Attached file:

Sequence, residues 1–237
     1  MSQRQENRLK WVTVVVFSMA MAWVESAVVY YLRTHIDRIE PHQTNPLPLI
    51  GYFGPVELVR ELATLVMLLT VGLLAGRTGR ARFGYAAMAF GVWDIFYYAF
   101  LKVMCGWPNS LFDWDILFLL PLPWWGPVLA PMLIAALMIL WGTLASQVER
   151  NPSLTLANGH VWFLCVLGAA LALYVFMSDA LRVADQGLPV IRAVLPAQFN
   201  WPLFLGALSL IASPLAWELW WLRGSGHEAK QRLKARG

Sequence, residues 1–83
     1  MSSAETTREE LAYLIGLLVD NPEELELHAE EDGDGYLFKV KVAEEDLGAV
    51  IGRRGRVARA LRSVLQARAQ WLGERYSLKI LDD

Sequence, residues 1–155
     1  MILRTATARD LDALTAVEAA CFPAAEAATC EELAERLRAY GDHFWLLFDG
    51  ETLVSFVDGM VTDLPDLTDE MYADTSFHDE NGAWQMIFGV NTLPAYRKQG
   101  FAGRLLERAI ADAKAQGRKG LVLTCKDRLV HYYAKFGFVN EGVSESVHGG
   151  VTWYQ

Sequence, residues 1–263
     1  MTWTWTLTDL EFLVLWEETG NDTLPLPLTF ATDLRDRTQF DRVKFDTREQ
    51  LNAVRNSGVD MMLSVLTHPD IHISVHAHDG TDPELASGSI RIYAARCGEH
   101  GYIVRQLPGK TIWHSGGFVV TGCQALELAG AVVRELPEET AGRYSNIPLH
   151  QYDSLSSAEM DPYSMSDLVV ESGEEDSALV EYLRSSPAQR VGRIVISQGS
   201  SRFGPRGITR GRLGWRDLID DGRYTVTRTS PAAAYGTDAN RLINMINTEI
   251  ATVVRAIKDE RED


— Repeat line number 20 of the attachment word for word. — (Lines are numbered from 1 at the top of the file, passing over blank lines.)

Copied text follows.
   201  SRFGPRGITR GRLGWRDLID DGRYTVTRTS PAAAYGTDAN RLINMINTEI